And in terms of what we’re talking about here, world philosophies, there are interesting parallels between Hume’s thoughts about the self, how introspection doesn’t reveal an essential continuing self, and Eastern philosophy, particularly Buddhism. Alison Gopnik has even suggested there might be a causal explanation for that, since Hume might have had contact with Jesuit writings about Buddhism when he was living in the French town of La Flèche. Whether or not that’s true, there are strong parallels between what emerges from Hume’s introspection and his quest for finding, through evidence of the senses, some kind of persistent core to his being and the lack of that, in his experience, and the Buddhist notion of ‘no self.’
That’s one of the fascinating things about Hume. He challenges us and says: ‘When I introspect, all I see are particular impressions and ideas. I don’t introspect and see a self that has those impressions or ideas.’ He has a challenging account of general issues of identity. I love to go with students through things Hume discusses, such as: ‘Under what conditions do we say that a river is the same river even though it may change course, or say a building is the same building even though it may have been hit by lightning, burnt down, and rebuilt.’ We treat it like it’s the same river or the same building despite these changes, or a sound may go on for a while, stop, and then recur, but we treat it like the same sound. Hume points out that we have these conventions about when we identify something as the same, but it’s not because we can identify some kind of underlying reality that is constant among those things; we just group experiences in certain ways. Hume says, well, why not think about the self in the same way? It’s a very powerful critique of the strong view of the self that you get in people like René Descartes, who is Hume’s immediate target, but then also going back to Plato himself, who thinks that you have an immaterial soul which is your self, and one that can be reincarnated across multiple lives.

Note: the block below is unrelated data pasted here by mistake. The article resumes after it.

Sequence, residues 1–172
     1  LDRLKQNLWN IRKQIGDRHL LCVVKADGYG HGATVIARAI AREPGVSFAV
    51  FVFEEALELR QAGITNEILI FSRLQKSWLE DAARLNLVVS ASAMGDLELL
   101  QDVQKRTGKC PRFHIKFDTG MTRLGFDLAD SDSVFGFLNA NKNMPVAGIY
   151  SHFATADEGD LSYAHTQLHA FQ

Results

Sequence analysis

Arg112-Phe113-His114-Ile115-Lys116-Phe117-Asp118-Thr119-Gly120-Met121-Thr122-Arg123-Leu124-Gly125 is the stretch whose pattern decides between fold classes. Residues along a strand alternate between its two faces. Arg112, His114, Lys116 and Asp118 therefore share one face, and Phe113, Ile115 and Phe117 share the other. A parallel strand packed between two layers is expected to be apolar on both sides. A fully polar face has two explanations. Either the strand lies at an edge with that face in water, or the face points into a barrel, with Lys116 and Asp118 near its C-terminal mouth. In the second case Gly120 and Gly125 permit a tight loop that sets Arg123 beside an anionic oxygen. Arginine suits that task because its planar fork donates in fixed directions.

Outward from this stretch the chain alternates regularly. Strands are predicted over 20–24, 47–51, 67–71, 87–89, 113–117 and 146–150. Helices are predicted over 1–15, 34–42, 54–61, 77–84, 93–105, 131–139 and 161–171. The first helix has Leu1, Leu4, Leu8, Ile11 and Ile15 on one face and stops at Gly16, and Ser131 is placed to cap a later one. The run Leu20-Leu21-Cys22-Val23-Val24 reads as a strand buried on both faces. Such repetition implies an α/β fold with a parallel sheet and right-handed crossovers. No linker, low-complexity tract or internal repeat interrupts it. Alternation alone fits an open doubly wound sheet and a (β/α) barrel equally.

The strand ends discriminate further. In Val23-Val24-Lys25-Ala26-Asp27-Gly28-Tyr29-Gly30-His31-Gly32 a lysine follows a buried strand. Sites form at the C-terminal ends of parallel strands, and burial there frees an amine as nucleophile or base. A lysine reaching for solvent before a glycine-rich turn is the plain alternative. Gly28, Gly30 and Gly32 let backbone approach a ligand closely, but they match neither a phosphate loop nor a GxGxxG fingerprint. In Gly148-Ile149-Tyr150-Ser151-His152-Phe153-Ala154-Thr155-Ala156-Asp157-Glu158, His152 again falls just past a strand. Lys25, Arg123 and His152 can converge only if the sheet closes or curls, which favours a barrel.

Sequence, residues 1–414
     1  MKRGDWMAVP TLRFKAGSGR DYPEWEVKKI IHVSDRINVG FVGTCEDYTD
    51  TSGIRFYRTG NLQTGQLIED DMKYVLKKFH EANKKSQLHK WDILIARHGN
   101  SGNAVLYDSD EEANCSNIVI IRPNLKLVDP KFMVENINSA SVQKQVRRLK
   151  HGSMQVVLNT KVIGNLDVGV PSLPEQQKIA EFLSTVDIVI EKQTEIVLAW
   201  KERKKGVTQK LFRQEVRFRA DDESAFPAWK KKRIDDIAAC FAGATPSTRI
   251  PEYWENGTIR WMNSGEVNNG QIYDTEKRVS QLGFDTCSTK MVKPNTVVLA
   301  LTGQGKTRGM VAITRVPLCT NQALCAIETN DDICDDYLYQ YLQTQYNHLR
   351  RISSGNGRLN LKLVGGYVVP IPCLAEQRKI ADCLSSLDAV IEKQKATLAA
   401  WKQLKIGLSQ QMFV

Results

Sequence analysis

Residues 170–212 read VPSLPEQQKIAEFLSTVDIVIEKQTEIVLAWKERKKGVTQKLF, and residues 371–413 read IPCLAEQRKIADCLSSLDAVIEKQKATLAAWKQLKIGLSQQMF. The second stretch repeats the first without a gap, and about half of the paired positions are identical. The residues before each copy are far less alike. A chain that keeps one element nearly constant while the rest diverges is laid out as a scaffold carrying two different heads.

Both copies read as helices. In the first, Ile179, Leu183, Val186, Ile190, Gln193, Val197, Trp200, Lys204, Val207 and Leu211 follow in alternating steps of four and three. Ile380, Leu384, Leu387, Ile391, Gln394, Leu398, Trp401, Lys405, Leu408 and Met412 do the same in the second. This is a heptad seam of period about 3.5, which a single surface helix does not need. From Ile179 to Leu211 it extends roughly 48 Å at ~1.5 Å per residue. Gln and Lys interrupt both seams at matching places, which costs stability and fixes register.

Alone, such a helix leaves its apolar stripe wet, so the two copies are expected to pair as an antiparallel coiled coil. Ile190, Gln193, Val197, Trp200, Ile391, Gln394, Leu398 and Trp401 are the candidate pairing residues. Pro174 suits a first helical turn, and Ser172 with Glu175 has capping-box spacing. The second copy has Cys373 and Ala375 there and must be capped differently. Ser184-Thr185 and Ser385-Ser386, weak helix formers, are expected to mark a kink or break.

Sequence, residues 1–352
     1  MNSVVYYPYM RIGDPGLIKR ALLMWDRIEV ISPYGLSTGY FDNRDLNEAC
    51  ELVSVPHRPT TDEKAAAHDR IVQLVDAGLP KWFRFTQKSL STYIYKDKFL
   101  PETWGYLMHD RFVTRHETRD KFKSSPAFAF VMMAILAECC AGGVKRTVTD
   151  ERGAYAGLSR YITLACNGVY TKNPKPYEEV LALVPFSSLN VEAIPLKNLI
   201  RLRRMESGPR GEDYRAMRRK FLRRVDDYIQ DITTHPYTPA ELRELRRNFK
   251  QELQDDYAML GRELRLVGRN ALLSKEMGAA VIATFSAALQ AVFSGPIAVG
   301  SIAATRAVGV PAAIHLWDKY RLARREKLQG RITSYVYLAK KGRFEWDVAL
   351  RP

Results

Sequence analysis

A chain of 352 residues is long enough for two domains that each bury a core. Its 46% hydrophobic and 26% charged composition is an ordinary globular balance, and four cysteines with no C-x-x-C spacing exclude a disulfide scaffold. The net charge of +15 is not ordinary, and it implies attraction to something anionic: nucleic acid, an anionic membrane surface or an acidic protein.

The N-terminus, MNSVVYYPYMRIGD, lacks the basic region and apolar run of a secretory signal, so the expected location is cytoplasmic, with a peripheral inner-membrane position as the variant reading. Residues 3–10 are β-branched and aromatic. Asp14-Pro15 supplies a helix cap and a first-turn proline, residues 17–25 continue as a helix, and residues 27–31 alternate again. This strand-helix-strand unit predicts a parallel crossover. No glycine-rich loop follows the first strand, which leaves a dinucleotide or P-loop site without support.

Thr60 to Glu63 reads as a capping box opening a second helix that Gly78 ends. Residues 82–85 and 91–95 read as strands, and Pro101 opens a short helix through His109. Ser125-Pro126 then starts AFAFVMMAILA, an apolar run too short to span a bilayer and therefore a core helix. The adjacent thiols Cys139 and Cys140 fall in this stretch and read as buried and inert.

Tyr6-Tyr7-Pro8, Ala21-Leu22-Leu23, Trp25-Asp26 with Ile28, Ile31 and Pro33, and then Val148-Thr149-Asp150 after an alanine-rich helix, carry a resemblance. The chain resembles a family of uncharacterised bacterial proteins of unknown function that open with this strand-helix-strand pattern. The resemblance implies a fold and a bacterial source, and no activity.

But it’s also often read as part of Hume’s general attack on religious thinking, because a central belief of many religions is that there is this enduring-soul thing, which doesn’t change, which is there from birth and continues after death, may have been there from before birth, and he can’t find that empirically even though other people claim to be able to taste it in themselves, as it were. Hume was renowned as an enemy of organised religion, and known as ‘The Great Infidel,’ but also as a very severe critic of philosophers of religion and their arguments for the existence of God. Particularly in his posthumous work, Dialogues Concerning Natural Religion, he just tore these arguments apart it seems to me. So it’s possible to read his inability to find an enduring self as in part an empirical argument against the notion of the Christian soul.
We see intimations in Hume of the view that was explicitly formulated later in the logical positivists of the 20th century: that metaphysical claims are not so much false as utterly meaningless. I’ll often ask my students, “What would your ‘idea’ of God be according to Hume?” Since ideas, according to Hume, are just faint copies of impressions, if you tried to form an idea of God, all you could have was an idea that you constructed out of pieces of sensory experiences. But the classic conception of God—which we find in Descartes and Aquinas, for example—is a being that, although it may manifest itself in sensory things like a burning bush, transcends any of those sensory experiences. So I think there’s actually a hint in Hume that you couldn’t even form a coherent idea of God, because God is not supposed to be something you can experience through the senses. A Humean might have to say that the statement ‘God exists’ is like Lewis Carroll’s ‘the slithy toves / Did gyre and gimble in the wabe’. It’s not false; it’s simply meaningless.
I suppose that’s why some philosophers like Descartes fall back on the ontological argument for the existence of God, because most of the empirically-based arguments, like the design argument, don’t lead to the conclusions that religious philosophers have assumed that they do.